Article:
Will there be any surprise changes in this new budget which haven't gotten much public vetting? We don't know. Releasing the budget early will give stakeholders time to review and react to the proposal, and it will allow councilmembers to cast their votes with confidence.
Providing citizens and council members early access to the final budget proposal would be a concrete step towards greater transparency. Combined with his recent ethics reform proposal, releasing the budget early will show that Chairman Brown is willing to act to create a more open, ethical, and accountable city government.
The DC Fiscal Policy Institute wrote a letter to Chairman Brown urging him to release his final budget proposal at least 24 hours before the Council is scheduled to vote. Greater Greater Washington is happy to join over 40 other organizations and individuals in this important matter. We hope that Chairman Brown will consider the suggestion and avoid any 2 am surprises on Wednesday.
The Montgomery County Parks Department has spent more than $100,000 on historical and archaeological consultants to do research at the Josiah Henson Site (formerly known as "Uncle Tom's Cabin"). Except for the archaeology reports, you can read all of the consultants' work at the park's website. If you want to read about the archaeology done at the site, you are out of luck.
Despite the fact that Montgomery County Parks staff have posted detailed maps showing the locations of past and proposed archaeological investigations at the park, Parks staff and the Parks Department general counsel refuse to release the reports prepared by consultant John Milner Associates, Inc.
Parks Department staff claim that they cannot release the reports because they contain sensitive information. It is a legitimate claim in many cases: archaeologists don't want to reveal exact locational information because relic hunters and looters may then use the information to damage fragile archaeological resources and steal artifacts for sale on the open market or for private collections.
I requested copies of the archaeological reports because I am interested in writing on the roles folklore and history have played in our understanding of the site. This is something I've written about on my blog and discussed with media outlets and in a public radio interview.
If I were just an ordinary citizen asking for copies of research reports paid for by public funds, the county would have some basis for denying my request to ensure the protection of the archaeological resources. But I'm not just an ordinary citizen. In addition to being a professional historian, I also am a trained professional archaeologist and for business purposes for more than 6 years I was certified as a Registered Professional Archaeologist.
So what does that mean? It means that my credentials meet and exceed the Secretary of the Interior's Professional Qualifications Standards in archaeology and that I have been determined by various state historic preservation offices throughout the United States, including Maryland, to be qualified to practice as a professional archaeologist.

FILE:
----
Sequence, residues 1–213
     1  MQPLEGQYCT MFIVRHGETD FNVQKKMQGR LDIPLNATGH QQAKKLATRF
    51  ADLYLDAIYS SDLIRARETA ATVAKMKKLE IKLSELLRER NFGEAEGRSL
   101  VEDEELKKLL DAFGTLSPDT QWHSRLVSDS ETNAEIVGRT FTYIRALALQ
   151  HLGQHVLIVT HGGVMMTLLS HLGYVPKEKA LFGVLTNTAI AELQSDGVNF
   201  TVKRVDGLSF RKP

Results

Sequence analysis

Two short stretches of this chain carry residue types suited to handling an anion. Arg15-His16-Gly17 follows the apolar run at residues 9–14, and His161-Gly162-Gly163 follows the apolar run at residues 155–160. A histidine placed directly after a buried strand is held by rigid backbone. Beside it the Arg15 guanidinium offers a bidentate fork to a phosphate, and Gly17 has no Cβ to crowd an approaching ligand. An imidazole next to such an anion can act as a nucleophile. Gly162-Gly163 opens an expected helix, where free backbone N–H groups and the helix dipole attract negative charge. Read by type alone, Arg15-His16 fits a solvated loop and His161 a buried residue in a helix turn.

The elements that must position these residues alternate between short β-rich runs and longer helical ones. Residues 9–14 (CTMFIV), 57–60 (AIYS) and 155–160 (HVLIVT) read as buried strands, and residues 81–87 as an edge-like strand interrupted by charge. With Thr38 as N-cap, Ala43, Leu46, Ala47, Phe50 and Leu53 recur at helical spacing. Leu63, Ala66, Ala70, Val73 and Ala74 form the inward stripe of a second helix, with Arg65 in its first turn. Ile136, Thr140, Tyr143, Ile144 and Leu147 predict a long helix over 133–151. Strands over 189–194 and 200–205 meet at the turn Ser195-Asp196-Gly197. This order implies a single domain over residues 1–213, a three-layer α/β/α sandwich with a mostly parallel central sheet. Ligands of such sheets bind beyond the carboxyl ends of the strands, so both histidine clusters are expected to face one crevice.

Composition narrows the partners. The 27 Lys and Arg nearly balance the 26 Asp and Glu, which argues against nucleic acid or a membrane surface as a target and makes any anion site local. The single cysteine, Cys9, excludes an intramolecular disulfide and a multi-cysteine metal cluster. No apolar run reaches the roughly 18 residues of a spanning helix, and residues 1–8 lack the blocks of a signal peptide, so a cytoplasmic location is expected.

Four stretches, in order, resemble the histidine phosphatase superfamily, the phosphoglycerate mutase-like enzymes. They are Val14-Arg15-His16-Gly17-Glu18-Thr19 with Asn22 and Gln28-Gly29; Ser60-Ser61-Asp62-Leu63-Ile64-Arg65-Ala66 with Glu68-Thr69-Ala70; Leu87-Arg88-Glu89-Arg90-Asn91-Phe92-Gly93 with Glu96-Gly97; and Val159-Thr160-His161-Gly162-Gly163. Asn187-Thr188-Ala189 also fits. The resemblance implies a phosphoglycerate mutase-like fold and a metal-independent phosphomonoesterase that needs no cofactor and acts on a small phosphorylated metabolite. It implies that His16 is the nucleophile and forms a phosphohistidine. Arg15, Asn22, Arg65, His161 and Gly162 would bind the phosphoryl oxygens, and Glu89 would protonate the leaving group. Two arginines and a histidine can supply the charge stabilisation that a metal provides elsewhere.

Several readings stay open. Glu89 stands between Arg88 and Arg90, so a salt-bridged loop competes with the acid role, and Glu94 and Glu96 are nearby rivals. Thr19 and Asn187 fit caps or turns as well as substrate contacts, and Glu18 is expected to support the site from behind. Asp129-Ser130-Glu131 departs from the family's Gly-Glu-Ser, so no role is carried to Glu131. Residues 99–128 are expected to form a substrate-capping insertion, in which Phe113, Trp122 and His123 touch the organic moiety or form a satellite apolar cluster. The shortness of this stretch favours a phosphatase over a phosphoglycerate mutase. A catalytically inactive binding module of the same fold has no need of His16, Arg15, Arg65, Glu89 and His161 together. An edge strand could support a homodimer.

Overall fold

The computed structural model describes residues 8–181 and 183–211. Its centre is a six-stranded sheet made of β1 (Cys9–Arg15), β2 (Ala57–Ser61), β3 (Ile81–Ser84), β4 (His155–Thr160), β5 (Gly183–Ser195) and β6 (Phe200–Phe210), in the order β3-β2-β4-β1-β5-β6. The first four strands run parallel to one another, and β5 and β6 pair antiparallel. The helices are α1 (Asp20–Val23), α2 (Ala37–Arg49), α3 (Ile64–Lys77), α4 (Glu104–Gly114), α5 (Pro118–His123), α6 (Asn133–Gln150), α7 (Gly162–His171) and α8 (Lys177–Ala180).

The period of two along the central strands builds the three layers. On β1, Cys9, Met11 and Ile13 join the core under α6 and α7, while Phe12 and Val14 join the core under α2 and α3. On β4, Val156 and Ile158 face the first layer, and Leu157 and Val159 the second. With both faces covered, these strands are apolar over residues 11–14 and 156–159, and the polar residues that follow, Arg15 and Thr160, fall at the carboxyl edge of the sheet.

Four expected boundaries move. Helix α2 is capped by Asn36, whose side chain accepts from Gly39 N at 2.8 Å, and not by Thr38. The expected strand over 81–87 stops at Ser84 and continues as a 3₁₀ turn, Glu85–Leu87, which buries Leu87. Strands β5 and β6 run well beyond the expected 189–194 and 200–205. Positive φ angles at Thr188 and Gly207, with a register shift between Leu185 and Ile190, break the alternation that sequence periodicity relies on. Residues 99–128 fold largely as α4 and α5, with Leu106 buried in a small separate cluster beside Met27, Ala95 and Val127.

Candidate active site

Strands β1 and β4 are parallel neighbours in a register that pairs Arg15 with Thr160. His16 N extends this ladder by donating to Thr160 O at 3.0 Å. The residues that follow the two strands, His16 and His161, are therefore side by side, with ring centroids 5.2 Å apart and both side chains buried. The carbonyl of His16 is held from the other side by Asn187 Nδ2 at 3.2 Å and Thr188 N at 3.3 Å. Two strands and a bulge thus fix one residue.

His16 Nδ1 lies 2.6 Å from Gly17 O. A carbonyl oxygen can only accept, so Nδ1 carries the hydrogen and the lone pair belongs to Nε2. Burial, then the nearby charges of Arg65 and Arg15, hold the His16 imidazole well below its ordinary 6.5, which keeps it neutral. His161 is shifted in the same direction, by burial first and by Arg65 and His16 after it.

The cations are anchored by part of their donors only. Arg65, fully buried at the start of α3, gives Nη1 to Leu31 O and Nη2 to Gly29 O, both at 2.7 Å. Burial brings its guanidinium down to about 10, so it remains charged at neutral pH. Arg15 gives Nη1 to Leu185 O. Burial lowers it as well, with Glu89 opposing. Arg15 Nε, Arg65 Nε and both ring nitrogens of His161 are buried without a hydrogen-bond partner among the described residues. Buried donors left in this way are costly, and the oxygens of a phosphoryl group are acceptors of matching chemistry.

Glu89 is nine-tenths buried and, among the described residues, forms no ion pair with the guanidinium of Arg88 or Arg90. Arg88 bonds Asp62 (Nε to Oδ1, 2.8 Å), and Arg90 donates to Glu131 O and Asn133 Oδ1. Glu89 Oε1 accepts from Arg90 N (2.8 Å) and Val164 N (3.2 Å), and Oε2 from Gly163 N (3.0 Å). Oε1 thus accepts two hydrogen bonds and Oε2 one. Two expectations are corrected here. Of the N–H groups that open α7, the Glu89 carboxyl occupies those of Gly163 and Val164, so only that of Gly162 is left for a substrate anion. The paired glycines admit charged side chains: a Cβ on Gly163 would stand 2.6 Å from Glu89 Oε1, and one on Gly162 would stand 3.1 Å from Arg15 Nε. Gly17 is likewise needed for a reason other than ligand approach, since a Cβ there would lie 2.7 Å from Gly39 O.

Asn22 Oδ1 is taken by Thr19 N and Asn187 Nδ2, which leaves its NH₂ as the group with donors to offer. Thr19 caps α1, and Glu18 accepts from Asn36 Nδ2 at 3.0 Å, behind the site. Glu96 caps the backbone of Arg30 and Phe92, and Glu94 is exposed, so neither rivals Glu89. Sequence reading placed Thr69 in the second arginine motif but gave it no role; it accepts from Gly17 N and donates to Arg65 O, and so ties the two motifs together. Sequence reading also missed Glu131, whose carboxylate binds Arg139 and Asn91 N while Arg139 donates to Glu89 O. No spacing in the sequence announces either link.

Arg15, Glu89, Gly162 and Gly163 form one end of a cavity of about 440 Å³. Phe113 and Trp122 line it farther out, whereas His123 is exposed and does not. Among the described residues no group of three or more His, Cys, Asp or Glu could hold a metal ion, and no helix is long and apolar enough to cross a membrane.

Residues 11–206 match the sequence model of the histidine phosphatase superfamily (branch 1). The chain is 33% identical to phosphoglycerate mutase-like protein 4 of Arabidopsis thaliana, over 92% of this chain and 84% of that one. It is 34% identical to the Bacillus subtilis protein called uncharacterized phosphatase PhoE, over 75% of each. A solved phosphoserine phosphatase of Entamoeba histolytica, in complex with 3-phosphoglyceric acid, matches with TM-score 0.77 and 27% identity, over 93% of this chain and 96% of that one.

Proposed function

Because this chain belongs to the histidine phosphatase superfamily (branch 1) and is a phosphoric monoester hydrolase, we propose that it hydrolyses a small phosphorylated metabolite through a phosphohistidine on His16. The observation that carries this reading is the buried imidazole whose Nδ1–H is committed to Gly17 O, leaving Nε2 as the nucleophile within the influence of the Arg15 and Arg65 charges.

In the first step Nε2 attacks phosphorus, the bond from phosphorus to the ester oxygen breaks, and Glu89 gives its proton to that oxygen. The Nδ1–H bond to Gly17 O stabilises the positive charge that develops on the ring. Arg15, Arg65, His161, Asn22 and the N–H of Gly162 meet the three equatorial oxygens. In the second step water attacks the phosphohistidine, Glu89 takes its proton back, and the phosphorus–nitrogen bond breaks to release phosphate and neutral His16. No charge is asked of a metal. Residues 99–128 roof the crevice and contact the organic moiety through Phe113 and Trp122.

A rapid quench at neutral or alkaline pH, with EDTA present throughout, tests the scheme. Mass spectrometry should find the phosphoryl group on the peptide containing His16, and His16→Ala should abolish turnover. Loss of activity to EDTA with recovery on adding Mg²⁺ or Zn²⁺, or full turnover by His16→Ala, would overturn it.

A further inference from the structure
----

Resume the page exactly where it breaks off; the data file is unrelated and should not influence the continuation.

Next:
But when I requested copies of the archaeology reports from the Montgomery County Parks Department, I received this reply from Parks Department planner Rachel Newhouse:
M-NCPPC complies with state and federal laws regarding the disclosure of sensitive archaeological information. Researchers may contact the Maryland Historical Trust's Archaeological Library to request archaeological information.My request was forwarded to associate general counsel Derrick Rogers. He replied, "Your request for access to Josiah Henson Park archaeological reports is denied. These reports are not available to the public." Rogers then wrote,
As noted in earlier responses to you from Commission staff and the Office of the General Counsel, your request is covered by the MPIA (Maryland Public Information Act). Under Maryland Access to Public Records Act (State Government Article, 10-618(g), Annotated Code of Maryland), the reports in question contain site specific information of a historic property and may be denied by the custodian of those records.If Montgomery County were interested in protecting sensitive archaeological information, then I doubt county staff would have posted detailed maps, like the one shown below on their website, that show where archaeological resources are located in the park property.
This decision by Commission staff complies with state and federal laws regarding the disclosure of sensitive archaeological information and consulted with the Maryland Historic Trust regarding your request.
Furthermore, renderings for future park development also contain information on past and future archaeological investigations. Anyone with a shovel and metal detector I wonder how well Montgomery County's tax dollars are being spent by the Parks Department in its ongoing efforts to develop the park and to manage the public narrative about the county's expensive mistakes surrounding the property's purchase. The Parks Department's embargo of the archaeology reports lends new meaning to the phrase "money pit."
I wonder how well Montgomery County's tax dollars are being spent by the Parks Department in its ongoing efforts to develop the park and to manage the public narrative about the county's expensive mistakes surrounding the property's purchase. The Parks Department's embargo of the archaeology reports lends new meaning to the phrase "money pit."